• Skip to Content
  • Skip to Main Navigation
  • Skip to Local Navigation
  • Skip to Search
  • Skip to Sitemap
  • Skip to Footer
Help develop a Bird ID tool!

Great Horned Owl


IUCN Conservation Status: Least Concern

With its long, earlike tufts, intimidating yellow-eyed stare, and deep hooting voice, the Great Horned Owl is the quintessential owl of storybooks. This powerful predator can take down birds and mammals even larger than itself, but it also dines on daintier fare such as tiny scorpions, mice, and frogs. It’s one of the most common owls in North America, equally at home in deserts, wetlands, forests, grasslands, backyards, cities, and almost any other semi-open habitat between the Arctic and the tropics.

Build a Birdhouse
Bird Festivals

Keys to identification Help

Typical Voice
  • Size & Shape

    These are large, thick-bodied owls with two prominent feathered tufts on the head. The wings are broad and rounded. In flight, the rounded head and short bill combine to create a blunt-headed silhouette.

  • Color Pattern

    Great Horned Owls are mottled gray-brown, with reddish brown faces and a neat white patch on the throat. Their overall color tone varies regionally from sooty to pale.

  • Behavior

    Great Horned Owls are nocturnal. You may see them at dusk sitting on fence posts or tree limbs at the edges of open areas, or flying across roads or fields with stiff, deep beats of their rounded wings. Their call is a deep, stuttering series of four to five hoots.

  • Habitat

    Look for this widespread owl in woods, particularly young woods interspersed with fields or other open areas. The broad range of habitats they use includes deciduous and evergreen forests, swamps, desert, tundra edges, and tropical rainforest, as well as cities, orchards, suburbs, and parks.

Range Map Help

Great Horned Owl Range Map
View dynamic map of eBird sightings

Field MarksHelp

  • Adult

    Great Horned Owl

    • Large, heavy-bodied owl with noticeable ear tufts
    • Glowing yellow or orange eyes on tawny brown facial disc
    • Densely barred underparts
    • Gray, brown, and black camouflage pattern on upperparts
    • © Anne Elliot, Calgary, Alberta, Canada, September 2009
  • Adult

    Great Horned Owl

    • Large owl with obvious ear tufts
    • Pale brown facial disc
    • Overall coloration variable, but always heavily patterned on back and barred on belly
    • Glowing yellow or orange eyes
    • © Markus Clement, Hershey Lake Park, Ontario, Canada, March 2011
  • Adult

    Great Horned Owl

    • Large, bulky owl with broad wings
    • Heavily pattern above
    • Glowing yellow or orange eyes
    • Ear tufts lay flat in flight
    • © Pat Kavanagh, Etzikom, Alberta, Canada, October 2010
  • Adult

    Great Horned Owl

    • Large, bulky owl with noticeable ear tufts
    • Birds of the Great Plains and central Canada average paler/frostier
    • Dense barring on underparts
    • Camouflage pattern on back and wings
    • © Reid Barclay, Dover, Calgary, Alberta, Canada, January 2008
  • Adult with Juvenile

    Great Horned Owl

    Adult with Juvenile
    • Adult large and bulky with obvious ear tufts
    • Adult has heavily barred underparts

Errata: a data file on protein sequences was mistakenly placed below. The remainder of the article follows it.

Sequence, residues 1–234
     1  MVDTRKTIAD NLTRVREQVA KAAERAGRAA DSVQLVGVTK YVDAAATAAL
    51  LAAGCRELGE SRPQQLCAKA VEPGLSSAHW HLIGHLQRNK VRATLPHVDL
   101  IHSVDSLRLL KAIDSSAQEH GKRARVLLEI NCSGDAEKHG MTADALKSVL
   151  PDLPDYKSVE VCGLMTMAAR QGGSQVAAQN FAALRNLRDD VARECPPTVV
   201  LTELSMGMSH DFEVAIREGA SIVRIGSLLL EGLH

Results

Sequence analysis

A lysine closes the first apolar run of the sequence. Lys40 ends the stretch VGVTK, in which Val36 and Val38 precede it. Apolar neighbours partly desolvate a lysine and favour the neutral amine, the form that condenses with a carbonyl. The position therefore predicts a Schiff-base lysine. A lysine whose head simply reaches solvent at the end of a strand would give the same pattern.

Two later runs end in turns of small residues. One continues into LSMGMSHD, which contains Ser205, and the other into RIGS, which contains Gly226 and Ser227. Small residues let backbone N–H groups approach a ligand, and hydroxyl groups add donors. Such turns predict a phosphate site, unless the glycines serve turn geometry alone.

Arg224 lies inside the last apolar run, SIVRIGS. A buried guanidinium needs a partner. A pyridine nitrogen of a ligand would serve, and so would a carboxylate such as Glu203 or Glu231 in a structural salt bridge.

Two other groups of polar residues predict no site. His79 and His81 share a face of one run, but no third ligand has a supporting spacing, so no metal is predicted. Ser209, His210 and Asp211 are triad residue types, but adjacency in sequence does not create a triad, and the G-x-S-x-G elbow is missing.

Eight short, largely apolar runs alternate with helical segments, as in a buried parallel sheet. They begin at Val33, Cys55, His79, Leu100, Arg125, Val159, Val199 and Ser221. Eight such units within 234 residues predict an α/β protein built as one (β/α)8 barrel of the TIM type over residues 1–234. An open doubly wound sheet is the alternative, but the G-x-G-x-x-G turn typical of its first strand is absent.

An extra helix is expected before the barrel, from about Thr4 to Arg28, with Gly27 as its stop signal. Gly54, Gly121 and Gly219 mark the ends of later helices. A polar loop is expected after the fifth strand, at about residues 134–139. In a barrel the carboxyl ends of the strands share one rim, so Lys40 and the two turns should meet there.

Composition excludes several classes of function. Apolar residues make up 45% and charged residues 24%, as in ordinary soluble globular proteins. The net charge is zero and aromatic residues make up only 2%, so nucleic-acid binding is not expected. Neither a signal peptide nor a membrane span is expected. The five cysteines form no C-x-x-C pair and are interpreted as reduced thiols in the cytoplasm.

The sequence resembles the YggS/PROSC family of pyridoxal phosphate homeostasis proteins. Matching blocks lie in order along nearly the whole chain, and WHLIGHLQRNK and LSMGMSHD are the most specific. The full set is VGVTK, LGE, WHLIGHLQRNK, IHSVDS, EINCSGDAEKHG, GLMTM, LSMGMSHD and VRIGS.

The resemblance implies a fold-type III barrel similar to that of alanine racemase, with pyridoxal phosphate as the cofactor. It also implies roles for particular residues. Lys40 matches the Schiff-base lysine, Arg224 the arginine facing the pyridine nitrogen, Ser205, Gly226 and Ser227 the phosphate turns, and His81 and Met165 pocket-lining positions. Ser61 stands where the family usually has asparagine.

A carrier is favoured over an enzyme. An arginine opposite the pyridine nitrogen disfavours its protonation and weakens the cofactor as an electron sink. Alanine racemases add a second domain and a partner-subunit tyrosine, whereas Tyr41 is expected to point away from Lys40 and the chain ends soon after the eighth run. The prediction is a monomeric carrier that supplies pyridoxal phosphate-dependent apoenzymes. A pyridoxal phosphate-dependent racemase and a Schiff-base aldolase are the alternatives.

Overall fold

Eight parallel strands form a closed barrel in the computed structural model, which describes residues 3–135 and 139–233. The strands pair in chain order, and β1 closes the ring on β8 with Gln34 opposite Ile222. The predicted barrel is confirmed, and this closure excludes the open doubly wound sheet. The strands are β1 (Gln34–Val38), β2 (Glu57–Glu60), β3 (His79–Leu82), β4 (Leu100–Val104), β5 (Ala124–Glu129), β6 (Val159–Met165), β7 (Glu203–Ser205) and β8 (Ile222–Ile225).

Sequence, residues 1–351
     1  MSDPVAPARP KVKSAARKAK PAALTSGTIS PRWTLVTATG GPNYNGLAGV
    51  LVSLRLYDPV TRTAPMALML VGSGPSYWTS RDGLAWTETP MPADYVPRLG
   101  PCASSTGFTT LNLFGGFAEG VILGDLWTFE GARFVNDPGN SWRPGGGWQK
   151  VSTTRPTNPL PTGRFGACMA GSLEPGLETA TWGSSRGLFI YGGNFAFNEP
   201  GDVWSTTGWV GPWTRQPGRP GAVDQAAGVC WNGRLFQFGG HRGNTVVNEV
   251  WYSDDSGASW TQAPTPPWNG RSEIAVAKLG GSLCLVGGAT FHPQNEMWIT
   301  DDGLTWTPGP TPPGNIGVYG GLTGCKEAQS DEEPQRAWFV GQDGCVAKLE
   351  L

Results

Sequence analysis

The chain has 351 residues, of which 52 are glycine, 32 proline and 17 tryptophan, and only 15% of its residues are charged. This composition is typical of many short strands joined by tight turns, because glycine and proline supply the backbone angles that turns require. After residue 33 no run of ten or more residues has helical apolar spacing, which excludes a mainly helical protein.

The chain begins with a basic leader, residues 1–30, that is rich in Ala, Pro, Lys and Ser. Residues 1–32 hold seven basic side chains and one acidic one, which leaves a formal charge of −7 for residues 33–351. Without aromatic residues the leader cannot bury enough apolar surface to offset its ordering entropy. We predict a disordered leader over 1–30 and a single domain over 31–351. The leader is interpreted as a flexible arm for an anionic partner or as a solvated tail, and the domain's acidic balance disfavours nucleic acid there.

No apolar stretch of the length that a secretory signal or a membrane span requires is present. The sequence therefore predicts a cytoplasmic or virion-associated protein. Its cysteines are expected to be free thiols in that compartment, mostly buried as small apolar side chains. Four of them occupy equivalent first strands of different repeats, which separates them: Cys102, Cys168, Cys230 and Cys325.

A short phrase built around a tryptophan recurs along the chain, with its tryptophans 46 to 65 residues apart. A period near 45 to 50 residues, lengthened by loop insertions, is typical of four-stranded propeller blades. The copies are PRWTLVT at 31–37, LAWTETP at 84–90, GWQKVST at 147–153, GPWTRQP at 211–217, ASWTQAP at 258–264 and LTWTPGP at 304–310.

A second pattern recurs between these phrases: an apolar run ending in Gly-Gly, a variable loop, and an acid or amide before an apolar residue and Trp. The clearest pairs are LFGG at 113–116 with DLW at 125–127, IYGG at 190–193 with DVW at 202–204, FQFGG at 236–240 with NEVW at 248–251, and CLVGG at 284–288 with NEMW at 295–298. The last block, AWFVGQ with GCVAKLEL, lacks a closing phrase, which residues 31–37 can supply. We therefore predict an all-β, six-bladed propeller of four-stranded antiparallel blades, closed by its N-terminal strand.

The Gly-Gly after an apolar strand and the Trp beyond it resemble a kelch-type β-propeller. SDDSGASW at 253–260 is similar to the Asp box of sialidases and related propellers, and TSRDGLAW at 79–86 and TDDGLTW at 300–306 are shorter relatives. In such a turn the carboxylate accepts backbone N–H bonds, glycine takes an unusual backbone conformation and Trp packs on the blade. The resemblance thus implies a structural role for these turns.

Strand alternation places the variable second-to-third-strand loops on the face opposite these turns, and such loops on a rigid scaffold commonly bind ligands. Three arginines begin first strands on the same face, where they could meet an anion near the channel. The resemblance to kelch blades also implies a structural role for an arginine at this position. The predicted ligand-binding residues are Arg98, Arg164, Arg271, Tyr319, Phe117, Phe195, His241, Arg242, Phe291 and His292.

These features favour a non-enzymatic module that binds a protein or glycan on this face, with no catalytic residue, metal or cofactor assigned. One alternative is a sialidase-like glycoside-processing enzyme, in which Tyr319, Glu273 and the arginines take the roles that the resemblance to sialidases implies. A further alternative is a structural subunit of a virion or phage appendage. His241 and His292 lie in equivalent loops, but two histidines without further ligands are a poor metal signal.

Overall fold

• Juvenile mostly covered in down, but with large, yellow eyes like adult
    • Tawny brown facial disc on both
    • © Donald Thompson, Highland City , Florida, March 2010
  • Juveniles

    Great Horned Owl

    • Large, glowing yellow eyes on tawny facial disc
    • Ear tufts not developed yet
    • Camouflage pattern on back
    • Dense barring starting to show on belly
    • © Cameron Rognan, Mojave Desert, Washington, Utah, June 2010
  • Juveniles

    Great Horned Owl

    • Mostly covered in fluffy down
    • Glowing yellow eyes
    • Tawny brown facial disc
    • © Robinsegg, Yellowstone National Park, Washington, June 2009

Similar Species

  • Adult

    Long-eared Owl

    • Superficially similar to Great Horned, but much smaller and skinnier
    • Large ear tufts are closer together on head
    • Bright, rusty orange facial disc
    • Dark mottling on underparts
    • © Cameron Rognan, San Bernadino, California, October 2007
  • Adult

    Long-eared Owl

    • Much smaller and more slender than Great-horned Owl
    • Often appears "skinny" and vertically-oriented
    • Proportionally larger ear tufts sit closer together
    • Dark cross-hatches on underparts
    • © Ben Smith, Antelope Valley, California, March 2011
  • Adult

    Barred Owl

    • Smaller than Great Horned Owl with rounded head and no ear tufts
    • Large, black eyes
    • Vertical brown streaking on belly
    • Brown and white mottled wings/back
    • © Grant Hickey, Ontario, Canada, November 2010

Similar Species

Great Horned Owls are the largest common owl in North America. Great Gray Owls of northern North America are diurnal, with a larger, grayer head and without ear tufts. Barred Owls are slightly smaller than Great Horned Owls, with dark eyes and without ear tufts. Barn Owls are smaller and much paler than Great Horned Owls, often appearing all white when flying at dusk. They have a unique, heart-shaped face and lack ear tufts. The Great Horned Owl’s deep, off-rhythm hooting is also unlike other North American owls and fairly easy to recognize.

Regional Differences

Great Horned Owls vary in color tone across their range: birds from the Pacific Northwest tend to be dark sooty; individuals across the Southwest are paler and grayer; and birds from subarctic Canada can be almost white.

Backyard Tips

Consider putting up a nest box to attract a breeding pair. Make sure you put it up well before breeding season. Attach a guard to keep predators from raiding eggs and young. Find out more about nest boxes on our Attract Birds pages. You'll find plans for building a nest box of the appropriate size on our All About Birdhouses site.